ITNS–The Second Edition!

Routledge, our publisher, has started planning for a second edition. That’s very exciting news! The only problem is that Bob and I can’t think of anything that needs improving. Ha! But, seriously, we’d love to hear from you about things we should revise, update, or somehow improve. (Of course, we’d also love to hear about the good aspects.) We’d especially like to hear from:

Teachers who are using ITNS. What do you like? What’s missing? What are the irritations? What difficulties have you encountered?

Students who are using ITNS. Same questions! Also, how could the book be more appealing, accessible, effective, even fun?

Potential teachers. You have considered ITNS, perhaps examining an inspection copy, but you decided against adoption. Why? Was it mainly the book and ancillaries, or outside factors? How could we revise so that you would elect to adopt?

The Routledge marketing gurus tell us that one strong message back from the field is: “ITNS is really good, just what the world needs and should be using. But for me, right now, it’s too hard to change. I’ll wait until others are using it, maybe until I’m forced to change.” If that’s how you feel, please let us know.

Perhaps that position is understandable, but it seems to conflict with the enthusiasm with which some (many?) young researchers are embracing Open Science, and the major changes to research practices that Open Science requires. Consider, for example, the emergence of SIPS and, just recently, the Down-Under version.

That position (i.e., it’s too hard to change right now) also contrasts strongly with the strong and positive responses that Bob and I get whenever we give talks or workshops about the new statistics and Open Science.

So we’re puzzled why more teachers are not yet switching their teaching approach–we’ve tried hard to make ITNS and, especially, its ancillaries as helpful as we can for anyone wishing to make the switch.

Thinking about how we could improve ITNS, here are a few of the issues you may care to comment about:

Open Science Lots has happened since we finalised the text of ITNS. We would certainly revise the examples and update our report of how Open Science is progressing. However, the basics of Open Science, as discussed in Chapter 1 and several later chapters, endure. ITNS is the first introductory text to integrate Open Science ideas all through, so we had to figure out for ourselves how best to do that. How could we do it better?

ESCI ESCI is intended to make basic statistical ideas vivid, memorable, and easy to grasp. It also allows you to analyse your own data and picture the results, for a range of measures and simple designs. Many of the figures in the book are ESCI images. However, in ESCI you can’t, for example, easily load, save, and manage files. The online ancillaries include workbooks with guidance for using ITNS with SPSS, and with R. Should we consider replacing ESCI, noting that we want to retain the graphics and simulations to support learning? Should we retain ESCI, but include more support for Jamovi, JASP, or something else? Other strategies we should consider?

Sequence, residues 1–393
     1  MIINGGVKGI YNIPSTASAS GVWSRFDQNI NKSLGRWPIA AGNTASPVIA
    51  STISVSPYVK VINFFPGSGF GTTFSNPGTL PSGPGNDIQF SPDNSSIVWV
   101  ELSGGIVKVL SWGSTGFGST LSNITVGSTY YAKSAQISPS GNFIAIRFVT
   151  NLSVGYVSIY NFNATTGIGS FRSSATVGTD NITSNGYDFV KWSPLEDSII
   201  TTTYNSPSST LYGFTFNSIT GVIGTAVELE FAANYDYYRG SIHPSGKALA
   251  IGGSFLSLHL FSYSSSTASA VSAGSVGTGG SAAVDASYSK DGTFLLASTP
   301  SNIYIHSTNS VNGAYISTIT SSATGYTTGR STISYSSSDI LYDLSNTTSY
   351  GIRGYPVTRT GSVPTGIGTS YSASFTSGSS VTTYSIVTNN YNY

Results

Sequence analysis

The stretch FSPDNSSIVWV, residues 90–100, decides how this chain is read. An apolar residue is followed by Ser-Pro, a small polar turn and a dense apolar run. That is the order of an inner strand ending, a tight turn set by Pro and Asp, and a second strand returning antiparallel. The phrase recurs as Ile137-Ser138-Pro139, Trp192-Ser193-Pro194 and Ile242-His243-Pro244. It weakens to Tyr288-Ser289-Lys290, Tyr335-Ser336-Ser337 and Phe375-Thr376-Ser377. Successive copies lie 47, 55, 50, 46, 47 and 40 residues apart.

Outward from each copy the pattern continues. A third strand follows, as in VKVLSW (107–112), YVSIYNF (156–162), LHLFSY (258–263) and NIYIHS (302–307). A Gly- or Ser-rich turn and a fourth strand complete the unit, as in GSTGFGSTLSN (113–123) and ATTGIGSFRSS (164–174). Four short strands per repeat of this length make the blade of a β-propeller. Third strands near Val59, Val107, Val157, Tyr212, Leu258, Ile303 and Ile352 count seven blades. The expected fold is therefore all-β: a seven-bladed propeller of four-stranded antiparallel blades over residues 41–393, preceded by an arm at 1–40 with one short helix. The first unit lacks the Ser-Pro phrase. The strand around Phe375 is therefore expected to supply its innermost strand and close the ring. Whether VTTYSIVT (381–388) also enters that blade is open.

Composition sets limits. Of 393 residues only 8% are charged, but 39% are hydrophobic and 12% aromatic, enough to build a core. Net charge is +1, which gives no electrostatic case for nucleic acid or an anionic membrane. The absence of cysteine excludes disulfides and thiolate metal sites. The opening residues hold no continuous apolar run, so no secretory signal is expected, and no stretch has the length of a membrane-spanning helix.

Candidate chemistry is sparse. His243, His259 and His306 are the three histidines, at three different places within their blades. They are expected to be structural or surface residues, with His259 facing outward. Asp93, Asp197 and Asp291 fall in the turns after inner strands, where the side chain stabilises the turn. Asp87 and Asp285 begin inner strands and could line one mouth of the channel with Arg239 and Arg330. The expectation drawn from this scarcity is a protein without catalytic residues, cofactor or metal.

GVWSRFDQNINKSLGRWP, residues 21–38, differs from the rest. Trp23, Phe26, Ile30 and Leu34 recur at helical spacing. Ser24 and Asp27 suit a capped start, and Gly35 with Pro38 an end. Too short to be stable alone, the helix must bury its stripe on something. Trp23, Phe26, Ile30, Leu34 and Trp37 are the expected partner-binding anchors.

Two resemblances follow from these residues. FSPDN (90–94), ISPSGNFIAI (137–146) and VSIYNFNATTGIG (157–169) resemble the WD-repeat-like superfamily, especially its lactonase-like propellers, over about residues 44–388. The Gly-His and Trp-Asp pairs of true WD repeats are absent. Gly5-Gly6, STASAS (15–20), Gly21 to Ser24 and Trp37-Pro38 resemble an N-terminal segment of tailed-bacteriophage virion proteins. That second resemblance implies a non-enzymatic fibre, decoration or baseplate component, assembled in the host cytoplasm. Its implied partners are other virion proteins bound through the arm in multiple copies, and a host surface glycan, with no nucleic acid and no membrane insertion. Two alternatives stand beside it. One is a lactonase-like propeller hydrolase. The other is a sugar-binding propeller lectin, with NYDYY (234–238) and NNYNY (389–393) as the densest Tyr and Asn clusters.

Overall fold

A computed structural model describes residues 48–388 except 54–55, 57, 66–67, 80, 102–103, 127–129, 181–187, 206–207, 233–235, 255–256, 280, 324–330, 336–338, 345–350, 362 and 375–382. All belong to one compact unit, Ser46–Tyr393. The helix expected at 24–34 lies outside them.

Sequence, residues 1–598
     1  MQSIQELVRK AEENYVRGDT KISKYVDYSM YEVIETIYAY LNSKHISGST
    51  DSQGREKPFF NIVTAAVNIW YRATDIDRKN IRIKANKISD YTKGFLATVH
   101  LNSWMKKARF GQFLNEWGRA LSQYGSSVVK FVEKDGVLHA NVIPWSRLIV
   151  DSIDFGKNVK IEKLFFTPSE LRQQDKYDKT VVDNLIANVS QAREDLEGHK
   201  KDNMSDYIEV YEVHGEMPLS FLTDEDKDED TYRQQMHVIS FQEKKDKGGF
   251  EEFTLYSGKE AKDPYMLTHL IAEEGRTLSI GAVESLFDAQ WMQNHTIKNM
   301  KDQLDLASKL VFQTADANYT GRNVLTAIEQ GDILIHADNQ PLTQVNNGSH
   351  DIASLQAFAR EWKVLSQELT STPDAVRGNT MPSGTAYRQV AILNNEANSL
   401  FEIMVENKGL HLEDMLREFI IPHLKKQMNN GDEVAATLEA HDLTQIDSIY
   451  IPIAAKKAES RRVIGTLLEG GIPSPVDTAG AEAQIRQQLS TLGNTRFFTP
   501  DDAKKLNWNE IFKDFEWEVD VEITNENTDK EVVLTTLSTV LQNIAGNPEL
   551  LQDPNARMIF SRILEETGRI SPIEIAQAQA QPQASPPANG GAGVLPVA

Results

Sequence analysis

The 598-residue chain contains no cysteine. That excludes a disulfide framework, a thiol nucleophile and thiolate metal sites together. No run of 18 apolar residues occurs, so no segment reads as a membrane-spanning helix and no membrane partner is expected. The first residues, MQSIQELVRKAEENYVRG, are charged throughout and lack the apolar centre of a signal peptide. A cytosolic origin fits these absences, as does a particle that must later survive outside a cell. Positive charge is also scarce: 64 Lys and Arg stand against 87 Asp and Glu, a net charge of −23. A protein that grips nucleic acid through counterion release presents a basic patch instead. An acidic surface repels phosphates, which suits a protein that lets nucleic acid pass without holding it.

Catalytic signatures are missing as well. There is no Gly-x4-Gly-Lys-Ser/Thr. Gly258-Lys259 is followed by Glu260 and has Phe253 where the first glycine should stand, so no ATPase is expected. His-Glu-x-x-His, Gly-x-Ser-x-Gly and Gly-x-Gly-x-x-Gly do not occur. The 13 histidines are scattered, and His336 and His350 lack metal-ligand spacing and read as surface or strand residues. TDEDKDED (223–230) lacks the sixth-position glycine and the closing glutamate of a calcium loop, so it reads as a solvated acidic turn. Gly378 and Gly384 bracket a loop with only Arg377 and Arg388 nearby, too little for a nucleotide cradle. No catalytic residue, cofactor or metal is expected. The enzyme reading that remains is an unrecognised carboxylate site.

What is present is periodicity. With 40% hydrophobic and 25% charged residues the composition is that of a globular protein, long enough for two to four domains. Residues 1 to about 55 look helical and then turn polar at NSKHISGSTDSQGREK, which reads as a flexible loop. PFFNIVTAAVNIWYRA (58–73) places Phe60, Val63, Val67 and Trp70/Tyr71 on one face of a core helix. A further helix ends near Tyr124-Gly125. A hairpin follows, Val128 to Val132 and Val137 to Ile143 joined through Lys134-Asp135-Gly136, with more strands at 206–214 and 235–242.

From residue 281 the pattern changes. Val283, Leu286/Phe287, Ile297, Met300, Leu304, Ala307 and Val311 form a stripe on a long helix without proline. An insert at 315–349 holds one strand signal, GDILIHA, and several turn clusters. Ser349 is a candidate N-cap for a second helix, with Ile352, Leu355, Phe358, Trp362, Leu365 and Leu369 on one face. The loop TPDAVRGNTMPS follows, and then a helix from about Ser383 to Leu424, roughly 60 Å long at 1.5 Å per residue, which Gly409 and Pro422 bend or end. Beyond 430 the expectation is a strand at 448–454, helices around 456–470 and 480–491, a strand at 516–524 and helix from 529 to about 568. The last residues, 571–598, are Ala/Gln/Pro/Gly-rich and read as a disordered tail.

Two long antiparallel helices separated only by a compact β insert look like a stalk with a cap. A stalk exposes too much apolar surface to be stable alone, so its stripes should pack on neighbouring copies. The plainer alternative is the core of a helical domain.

NHST and p values We present these in Chapter 6, after the basics of descriptives, sampling, and estimation in earlier chapters. You can elect to skip this chapter, or give it as little or as much emphasis as you wish. Is this the best chapter organisation?

Ancillaries We offer a wide range via the publisher’s companion website. What’s most useful? Least useful? How could we improve the ancillaries?

…they are just a few thoughts. Tell us about anything you wish. You could even tell us it’s all wonderful, if you like!

In advance, many thanks,

P.S. Make a public comment below, and/or email either of us, off list:

4 comments on “ITNS–The Second Edition!
  1. I love ESCI, but loading up Excel is a hurdle to showing it to other people. HTML and Javascript probably offer the least resistance to sharing.

    For example, I made this Javascript version of the “Dance of the CIs”:

    • Geoff Cumming says:

      Hi Paul,
      Thanks, that’s great. We appreciate the issues with Excel, including the lack of perfect compatability with Mac. Bob has some prototypes of various different approaches to building the simulations. The software decisions are critical, not least because any major change would be a very large task.
      BTW, it’s good to see prediction intervals, and essential to have the definition at the bottom. My first inclination is to assume ‘prediction interval’ refers to an interval with a stated probability of including the mean of a replication, rather than a single data value. But, as you know, the term does not have a single agreed usage.

  2. Ah, sorry. I’ve now added prediction intervals for the mean of replication.

    The only other thing I can say from my own experience is that the R shiny library is easy to get things running in, but can feel clunky to use, and hosting applications is potentially a problem. One potentially interesting use of shiny would be to offer a package in which some of the functions open small shiny apps to interact with.

Leave a Reply

Your email address will not be published. Required fields are marked *